Nick Vose, associate at Iceni Projects, said: “What we need now is a sign of unity from Government. Despite the close result, political parties and the Government need to put the debate aside and get on with the job of governing.

“The next 100 days will be crucial in shaping the state of the nation and, while there will of course be talk of changes in leadership and government, this must be done quickly so that decisive action can be taken on important decisions that will have profound implications for the UK’s future. What we need is a strong, united Government that can look beyond the recent political jestering and take action.”

Hermes chief executive Saker Nusseibeh said: "With the vote decided yesterday, we now have to move away from the rhetoric that typified this campaign. Prior to the referendum, we ran several scenarios on our strategies, and we are reasonably confident that they were well positioned for a Brexit vote in the short term.

However, we are watching market moves very carefully to assess the degree of contagion, if any, to global markets. Besides a sharp sell-off in risk and in sterling, as well as a recession in the UK (which is expected) our fear is that this may trigger political uncertainty within Europe which in turn may lead to a severe global market correction.


"In any case, we know that we are now in an even more prolonged super low interest rate environment outside of the UK, with the US likely to delay its decision to raise interest rates even further out."

Neil Williams, Group Chief Economist, Hermes: "Eyebrows are being raised across the City of London. The UK’s vote to ‘leave’ provides a massive ‘curve ball’ for financial markets, which now need time to assess the policy path that a likely, new political line-up will eventually choose to go down. All of this will take time.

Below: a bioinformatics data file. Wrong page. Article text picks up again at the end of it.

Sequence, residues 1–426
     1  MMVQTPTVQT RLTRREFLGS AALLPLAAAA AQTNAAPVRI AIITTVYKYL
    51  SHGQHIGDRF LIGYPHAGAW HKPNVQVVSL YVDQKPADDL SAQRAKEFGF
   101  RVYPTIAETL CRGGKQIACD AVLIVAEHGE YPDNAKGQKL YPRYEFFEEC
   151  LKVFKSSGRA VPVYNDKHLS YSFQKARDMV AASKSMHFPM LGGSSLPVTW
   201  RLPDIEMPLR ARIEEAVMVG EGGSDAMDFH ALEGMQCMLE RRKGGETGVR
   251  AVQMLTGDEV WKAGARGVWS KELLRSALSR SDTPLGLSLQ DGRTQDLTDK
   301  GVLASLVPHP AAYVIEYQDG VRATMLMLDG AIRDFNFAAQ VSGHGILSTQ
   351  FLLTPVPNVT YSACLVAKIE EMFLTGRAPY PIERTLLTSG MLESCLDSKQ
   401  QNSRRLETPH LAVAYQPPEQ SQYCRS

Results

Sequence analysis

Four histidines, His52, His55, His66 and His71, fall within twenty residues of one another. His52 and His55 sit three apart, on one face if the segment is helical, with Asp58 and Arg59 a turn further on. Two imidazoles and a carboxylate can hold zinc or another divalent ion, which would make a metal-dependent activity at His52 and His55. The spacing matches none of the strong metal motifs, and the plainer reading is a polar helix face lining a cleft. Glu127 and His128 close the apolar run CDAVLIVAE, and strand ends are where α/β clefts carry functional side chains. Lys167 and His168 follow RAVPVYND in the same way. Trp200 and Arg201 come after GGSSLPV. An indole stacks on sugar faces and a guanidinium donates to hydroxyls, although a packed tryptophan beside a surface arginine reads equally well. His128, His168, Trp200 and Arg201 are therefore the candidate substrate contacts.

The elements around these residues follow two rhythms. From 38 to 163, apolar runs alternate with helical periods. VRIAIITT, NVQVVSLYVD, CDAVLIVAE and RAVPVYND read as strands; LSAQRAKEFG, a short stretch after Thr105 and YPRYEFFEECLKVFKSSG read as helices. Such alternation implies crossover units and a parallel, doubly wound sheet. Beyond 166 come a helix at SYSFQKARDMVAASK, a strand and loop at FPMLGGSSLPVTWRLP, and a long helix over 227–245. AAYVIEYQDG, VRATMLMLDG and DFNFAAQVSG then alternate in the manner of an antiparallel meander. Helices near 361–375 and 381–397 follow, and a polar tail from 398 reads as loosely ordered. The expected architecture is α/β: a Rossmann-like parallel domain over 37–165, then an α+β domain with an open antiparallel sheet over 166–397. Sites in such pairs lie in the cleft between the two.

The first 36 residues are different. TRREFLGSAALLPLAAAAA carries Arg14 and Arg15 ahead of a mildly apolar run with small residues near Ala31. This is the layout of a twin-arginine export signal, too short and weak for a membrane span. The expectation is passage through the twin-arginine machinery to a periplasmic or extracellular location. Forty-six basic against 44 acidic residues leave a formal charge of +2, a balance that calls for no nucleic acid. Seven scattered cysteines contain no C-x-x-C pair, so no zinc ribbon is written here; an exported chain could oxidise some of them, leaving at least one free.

"Equities and the pound may remain vulnerable given the likely hit to UK growth, and risk now of weaker ties with our main trading partner, FDI foregone, and a diluted relationship with the US and other third parties that use the UK to access the Single Market.


"The UK economy will of course ‘survive’, given its entrepreneurial flair, increasing focus on non-EU trade, and likely policy accommodation by the Bank of England and UK Treasury. However, getting to the next stage looks a long, drawn-out ‘can of worms’, leaving considerable uncertainty for UK assets and markets. The extent of this damage now rests on the manner of the exit.

"The mark-down on assets would surely be greatest in the case of a ‘hard exit’ - entailing an acrimonious departure, lower trade, lower migration, and recession - than the more probable ‘softer’ version.

"But, even a ‘soft exit’ to a Norway or Switzerland-style associate membership will probably need several years just to end up close to ‘square one’. Greenland’s soft exit in 1985 had taken three years. We, larger and 43 years entwined in the European project, will need even longer."